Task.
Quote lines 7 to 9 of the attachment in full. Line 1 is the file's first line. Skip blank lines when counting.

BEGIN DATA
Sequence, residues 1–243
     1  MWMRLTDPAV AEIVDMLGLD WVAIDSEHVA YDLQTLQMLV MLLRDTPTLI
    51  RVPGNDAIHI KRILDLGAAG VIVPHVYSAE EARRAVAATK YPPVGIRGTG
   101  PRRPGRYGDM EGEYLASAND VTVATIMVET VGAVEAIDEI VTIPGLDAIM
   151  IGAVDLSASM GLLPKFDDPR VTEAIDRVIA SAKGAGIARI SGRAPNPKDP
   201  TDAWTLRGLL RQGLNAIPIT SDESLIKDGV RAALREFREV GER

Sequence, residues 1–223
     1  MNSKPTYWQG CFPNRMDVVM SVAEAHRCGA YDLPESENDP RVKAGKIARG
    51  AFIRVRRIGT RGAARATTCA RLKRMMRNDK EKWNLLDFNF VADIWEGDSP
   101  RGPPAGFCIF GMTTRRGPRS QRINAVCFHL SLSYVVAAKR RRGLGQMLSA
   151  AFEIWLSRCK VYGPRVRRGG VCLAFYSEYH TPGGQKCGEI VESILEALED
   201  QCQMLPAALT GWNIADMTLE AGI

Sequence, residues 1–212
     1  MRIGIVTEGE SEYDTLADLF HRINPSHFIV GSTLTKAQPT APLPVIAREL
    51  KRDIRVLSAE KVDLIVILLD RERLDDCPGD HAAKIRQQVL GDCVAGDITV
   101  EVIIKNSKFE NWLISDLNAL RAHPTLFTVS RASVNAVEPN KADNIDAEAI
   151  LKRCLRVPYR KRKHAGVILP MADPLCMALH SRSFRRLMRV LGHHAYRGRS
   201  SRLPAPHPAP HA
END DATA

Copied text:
Sequence, residues 1–223
     1  MNSKPTYWQG CFPNRMDVVM SVAEAHRCGA YDLPESENDP RVKAGKIARG
    51  AFIRVRRIGT RGAARATTCA RLKRMMRNDK EKWNLLDFNF VADIWEGDSP